Side note: These one-line rhymes are a running theme today. I want to apologize. It’s the beginning of a new school year, and I just got out of two consecutive training days for teachers at my school. My brain is a little fried by the new techniques we learned to help students, well, learn. And it’s leaking through to here. However, if you have visions of a future version of yourself using these one-line-rhyme-mantas when you get stuck or frustrated—please, let me know in the comments below. It’s a scientific fact that brain performance, memory, productivity, and creativity are all sparked by rhyme and phonetic devices. Who knew? Advertising companies. That’s who. It explains the commercial jingles.

 
 

When you have to do something, it becomes a chore and you’re more likely to drag your feet to get it done. Think of any yard work you’ve ever planned to do on a Saturday morning. Think of that eight-page research paper you have to write that’s due on Friday. What about that time you had to write up customer satisfaction report for your boss? It all sucks because it’s boring and unfulfilling work.

 

Riiiight? Wrong. There are plenty of people in the world who enjoy doing yard work on a Saturday morning, completing research papers, and helping out their boss/company.

 

 
So, we have to ask, “what’s their secret?”
They want to do this work, because…they find a worthwhile reason to. 
For real: That’s it.
 
 
When they think of completing these tasks, their mindset is:
  • I want to make my yard look nice on Saturday morning.
  • I want to research this cool topic and learn new things.
  • I want to help my boss and be a valuable and reliable member of my company.
 

 

Pro-Tip:

What those people in the above examples have in common (other than framing their thinking differently (“I have to” versus “I want to”), is that they find the work fulfilling in some way. Part of wanting to do something is the ability to make it interesting or know that doing it will lead to a personal feeling of fulfillment.
 
 
Now it’s your turn. Here are some ways you can reframe how you think about writing. Try it out:
 
  • I WANT to tell this story about a controversial topic because it’s a topic/issue that we, as a society, need to address and be aware of.

  • I WANT to finish this novel because it’s my way to use my voice and leave a mark in this world.

  • I WANT to work on my research because I want to learn about new things.

  • I WANT to revise my draft because it’s important to finish what I started.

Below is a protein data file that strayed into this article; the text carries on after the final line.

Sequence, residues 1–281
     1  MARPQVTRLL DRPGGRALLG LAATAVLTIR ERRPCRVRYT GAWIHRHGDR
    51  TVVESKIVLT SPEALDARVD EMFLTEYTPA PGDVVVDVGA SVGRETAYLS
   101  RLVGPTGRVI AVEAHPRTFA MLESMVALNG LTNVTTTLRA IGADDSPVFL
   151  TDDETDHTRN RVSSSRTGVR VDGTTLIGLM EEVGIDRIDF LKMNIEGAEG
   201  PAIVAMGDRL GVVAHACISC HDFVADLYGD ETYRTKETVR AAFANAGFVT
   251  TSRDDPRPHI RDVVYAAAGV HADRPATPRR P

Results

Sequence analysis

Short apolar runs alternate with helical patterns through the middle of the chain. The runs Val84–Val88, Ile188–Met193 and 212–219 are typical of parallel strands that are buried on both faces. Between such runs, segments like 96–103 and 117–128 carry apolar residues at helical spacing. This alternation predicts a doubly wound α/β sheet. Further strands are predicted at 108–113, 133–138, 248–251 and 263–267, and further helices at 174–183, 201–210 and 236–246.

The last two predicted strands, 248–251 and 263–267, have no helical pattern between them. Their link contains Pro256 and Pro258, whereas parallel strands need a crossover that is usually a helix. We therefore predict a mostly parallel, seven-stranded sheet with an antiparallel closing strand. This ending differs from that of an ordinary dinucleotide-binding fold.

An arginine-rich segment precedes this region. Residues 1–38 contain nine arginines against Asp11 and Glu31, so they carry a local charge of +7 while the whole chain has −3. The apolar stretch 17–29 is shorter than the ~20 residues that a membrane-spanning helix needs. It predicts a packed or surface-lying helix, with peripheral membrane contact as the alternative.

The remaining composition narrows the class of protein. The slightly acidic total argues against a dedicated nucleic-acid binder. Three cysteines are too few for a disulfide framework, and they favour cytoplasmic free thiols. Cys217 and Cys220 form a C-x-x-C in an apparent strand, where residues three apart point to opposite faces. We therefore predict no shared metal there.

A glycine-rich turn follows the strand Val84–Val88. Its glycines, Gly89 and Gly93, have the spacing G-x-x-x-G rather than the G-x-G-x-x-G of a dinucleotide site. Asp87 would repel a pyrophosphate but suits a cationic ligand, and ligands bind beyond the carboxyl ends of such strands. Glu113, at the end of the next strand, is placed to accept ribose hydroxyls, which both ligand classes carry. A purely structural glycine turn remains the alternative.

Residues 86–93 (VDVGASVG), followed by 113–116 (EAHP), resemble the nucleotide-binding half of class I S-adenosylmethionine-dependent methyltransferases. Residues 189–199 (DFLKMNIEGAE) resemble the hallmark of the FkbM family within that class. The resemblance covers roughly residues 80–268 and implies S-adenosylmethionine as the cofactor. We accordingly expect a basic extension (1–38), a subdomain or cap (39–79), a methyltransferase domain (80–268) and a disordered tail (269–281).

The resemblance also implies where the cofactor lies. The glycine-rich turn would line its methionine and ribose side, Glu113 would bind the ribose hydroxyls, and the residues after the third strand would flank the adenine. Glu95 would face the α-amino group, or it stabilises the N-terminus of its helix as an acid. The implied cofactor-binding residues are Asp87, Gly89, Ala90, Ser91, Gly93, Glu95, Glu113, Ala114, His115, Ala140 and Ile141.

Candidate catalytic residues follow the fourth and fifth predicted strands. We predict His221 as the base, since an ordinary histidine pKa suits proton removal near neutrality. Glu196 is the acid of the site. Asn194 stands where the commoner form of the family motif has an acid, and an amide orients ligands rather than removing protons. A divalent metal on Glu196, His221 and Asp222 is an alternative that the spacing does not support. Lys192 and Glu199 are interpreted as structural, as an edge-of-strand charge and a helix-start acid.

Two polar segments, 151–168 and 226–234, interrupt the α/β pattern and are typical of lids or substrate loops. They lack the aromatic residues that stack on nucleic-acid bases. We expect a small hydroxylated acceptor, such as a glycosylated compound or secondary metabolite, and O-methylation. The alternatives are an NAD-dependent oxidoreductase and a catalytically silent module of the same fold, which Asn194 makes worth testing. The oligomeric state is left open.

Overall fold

2. Build a ritual 

 
You need a ritual to be habitual.

Oh-man-why-is-no-one-stopping-me?!

 

 

Remember when, before you wrote any in-class essays, your teacher would ask the same three deep-thinking questions? Or she might have begun every lesson with a short and fun video clip from YouTube. Or he might have played classical music in the background during group peer-editing sessions. I once had a teacher tell me to chew a specific flavor of gum whenever I studied for SATs. So that when I felt nervous and overwhelmed at the beginning of the test, I would chew that flavor of gum, and get in the same, relaxed state-of-mind I was in while I studied for the test.

 

Guess what? These were NOT random activities that served no purpose. These quick activities served as a trigger in your teacher’s task management system. Your teachers did these things because they understood the psychology behind habit formation.

 

Consistently completing the same, small activities before doing an overwhelming or difficult task, will help you build a ritual. In turn, rituals act as a trigger for your brain that cues the start of a specific activity. It also boosts your motivation and helps you get in the zone. Rituals contribute to habit building because they act like a chain of falling dominoes leading to whatever habit or task you want to complete. You knock one domino down and it pushes the next one, and then the next one, and then the next one down until it’s all done. You want a ritual in your task management system that acts like falling dominoes.

 

 

 A Domino-Chain-Ritual in action might look like these series of steps:

  1. First, you turn off your phone, close out of any distracting websites/emails.

  2. You sit in a specific chair that you’ve designated as your Getting Down To Business Chair.

  3. You get your favorite pen and set the timer (that’s always on the table next to your Getting Down To Business Chair).

  4. Then, you might spend 5 minutes journaling about: What you want to accomplish for the day, why you want to accomplish this, and what you can do to increase your productivity.

  5. Finally, once you’ve built momentum, you begin writing.

 

 

 You see how this works? Each mini-task in this ritual leads to the next step and helps sends a signal to your brain that it’s time to get to work. Like falling dominoes.

 

 
Build a productive ritual to give you momentum--like falling dominoes
 
 
 

More examples of Domino-Chain-Rituals:

  • Create a ritual around something you enjoy or something that relaxes you

  • You could drink a glass of your favorite flavored water before you start writing